When we examine the principle that the individual should be free to do as he chooses, we are immediately confronted with a paradox. What if the individual chooses to construct an environment that imposes restrictions on the behavior of others? Of course we say that the person has violated the principle that you can do as you like as long as you do not infringe upon the right to do the same. But isn't such an imposition itself a violation of the right of an individual to do as he chooses?

    Consider for a minute how this is problematic. For the sake of discussion let's call the type of liberalism and conservatism that are practiced in the US as localized liberalism and localized conservatism respectively. Typically, localized liberalism seeks to impose laws that do things such as legalize abortions, and grant equal rights to gays and racial minorities. However, some practitioners of localized conservatism feel that their right to do as they choose are violated when, for example they are forced to serve racial minorities in their business establishments. Do they not have a point? Are not the localized liberals violating the principles of liberalism itself when they impose laws that force individuals to live in an environment that they find uncomfortable or repulsive? Of course you can say that no one is forcing them to live here, they can go somewhere else. But still why should they have to do this? Should not a true liberalism be broad enough to accommodate all? If not, is liberalism itself illiberal?

    How let's step back and look at liberalism in a broader sense. Recently the Bush administration had a goal to try to impose a system of liberal values on the very conservative society that had been implemented by the Taliban in Afghanistan. However, many of the people there viewed this attempt as an effort to restrict them from living as they wanted to do. Do they not have a point? Is not this another instance in which liberal values themselves result in illiberalism?

    What do you think? Is liberalism itself illiberal?

    To be clear, I'm not trying to make a value judgement here as to what is right and what is wrong. I'm just asking the question. I think its rather interesting.
    To get the academic notion of 'liberalism' you need to look at John Rawls. John Rawls has compiled the strongest defence of liberalism as a political doctrine:

    John Rawls - Wikipedia, the free encyclopedia

    John Rawls (Stanford Encyclopedia of Philosophy)

    Rawls seminal work has to be 'A Theory Of Justice':

    "In A Theory of Justice, Rawls argues for a principled reconciliation of liberty and equality. Central to this effort is an account of the circumstances of justice, inspired by David Hume, and a fair choice situation for parties facing such circumstances, similar to some of Immanuel Kant's views. Principles of justice are sought to guide the conduct of the parties. These parties are recognized to face moderate scarcity, and they are neither naturally altruistic nor purely egoistic. They have ends which they seek to advance, but prefer to advance them through cooperation with others on mutually acceptable terms. Rawls offers a model of a fair choice situation (the original position with its veil of ignorance) within which parties would hypothetically choose mutually acceptable principles of justice. Under such constraints, Rawls believes that parties would find his favoured principles of justice to be especially attractive, winning out over varied alternatives, including utilitarian and right-libertarian accounts." [...]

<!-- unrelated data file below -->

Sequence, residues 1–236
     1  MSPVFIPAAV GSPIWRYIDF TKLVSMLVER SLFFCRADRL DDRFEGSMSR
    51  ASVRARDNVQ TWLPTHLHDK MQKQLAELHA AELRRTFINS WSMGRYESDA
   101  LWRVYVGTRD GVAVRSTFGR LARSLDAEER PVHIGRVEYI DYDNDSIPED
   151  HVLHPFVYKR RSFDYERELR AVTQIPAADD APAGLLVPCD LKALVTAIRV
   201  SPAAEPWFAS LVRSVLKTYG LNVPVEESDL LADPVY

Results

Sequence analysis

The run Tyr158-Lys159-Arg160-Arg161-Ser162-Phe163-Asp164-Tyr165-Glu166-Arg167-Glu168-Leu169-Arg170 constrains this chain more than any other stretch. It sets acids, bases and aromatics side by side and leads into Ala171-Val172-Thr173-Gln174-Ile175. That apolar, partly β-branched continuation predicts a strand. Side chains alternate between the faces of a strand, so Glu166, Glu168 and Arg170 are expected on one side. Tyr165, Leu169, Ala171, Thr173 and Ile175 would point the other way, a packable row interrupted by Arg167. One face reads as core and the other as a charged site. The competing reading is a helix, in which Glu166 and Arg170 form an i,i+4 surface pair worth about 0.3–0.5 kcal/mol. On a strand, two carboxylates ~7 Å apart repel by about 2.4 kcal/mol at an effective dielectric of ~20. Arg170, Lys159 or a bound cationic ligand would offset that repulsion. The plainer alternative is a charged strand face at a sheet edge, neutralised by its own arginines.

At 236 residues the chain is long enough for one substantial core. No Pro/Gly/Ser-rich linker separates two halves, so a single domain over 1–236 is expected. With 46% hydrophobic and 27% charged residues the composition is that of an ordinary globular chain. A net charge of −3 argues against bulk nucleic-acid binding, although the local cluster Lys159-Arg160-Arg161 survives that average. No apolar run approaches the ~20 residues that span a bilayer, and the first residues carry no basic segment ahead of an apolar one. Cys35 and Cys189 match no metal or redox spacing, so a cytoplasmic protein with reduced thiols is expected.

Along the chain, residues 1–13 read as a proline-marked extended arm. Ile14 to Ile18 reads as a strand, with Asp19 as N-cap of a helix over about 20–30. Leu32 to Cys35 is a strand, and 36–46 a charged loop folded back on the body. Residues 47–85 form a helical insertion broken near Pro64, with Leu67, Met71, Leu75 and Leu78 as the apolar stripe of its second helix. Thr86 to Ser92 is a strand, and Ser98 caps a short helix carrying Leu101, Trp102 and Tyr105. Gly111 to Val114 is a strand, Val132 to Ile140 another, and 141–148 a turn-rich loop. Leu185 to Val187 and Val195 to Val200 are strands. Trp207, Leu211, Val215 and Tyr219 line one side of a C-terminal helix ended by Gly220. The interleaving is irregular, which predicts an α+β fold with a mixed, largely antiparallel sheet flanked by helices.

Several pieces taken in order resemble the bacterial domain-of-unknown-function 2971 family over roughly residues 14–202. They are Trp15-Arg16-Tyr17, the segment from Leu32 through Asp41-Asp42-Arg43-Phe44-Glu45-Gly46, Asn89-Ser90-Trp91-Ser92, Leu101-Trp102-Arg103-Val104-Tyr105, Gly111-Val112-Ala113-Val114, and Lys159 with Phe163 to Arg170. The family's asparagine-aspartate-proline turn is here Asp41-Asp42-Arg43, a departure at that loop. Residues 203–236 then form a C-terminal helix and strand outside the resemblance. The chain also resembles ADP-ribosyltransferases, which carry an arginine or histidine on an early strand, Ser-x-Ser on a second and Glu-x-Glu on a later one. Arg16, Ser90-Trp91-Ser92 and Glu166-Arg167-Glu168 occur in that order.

A Theory of Justice - Wikipedia, the free encyclopedia

    Of course, you cannot advocate for Rawls without first accepting social contract theory:

    "In moral and political philosophy, the social contract or political contract is a theory or model, originating during the Age of Enlightenment, that typically addresses the questions of the origin of society and the legitimacy of the authority of the state over the individual.[1] Social contract arguments typically posit that individuals have consented, either explicitly or tacitly, to surrender some of their freedoms and submit to the authority of the ruler or magistrate (or to the decision of a majority), in exchange for protection of their remaining rights. The question of the relation between natural and legal rights, therefore, is often an aspect of social contract theory. The Social Contract (Du contrat social ou Principes du droit politique) is also the title of a 1762 book by Jean-Jacques Rousseau on this topic."

    Social contract - Wikipedia, the free encyclopedia

    That pretty much sums up the doctrine of liberalism (from academia). With all other, both diametrically opposed and similar, bench marked against Rawls work.

    Paul
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  5. #35
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    Re: Is Liberalism Illiberal?

    Quote Originally Posted by Morality Games View Post
    You should be scared of everyone who isn't

    (1) lacking material self interest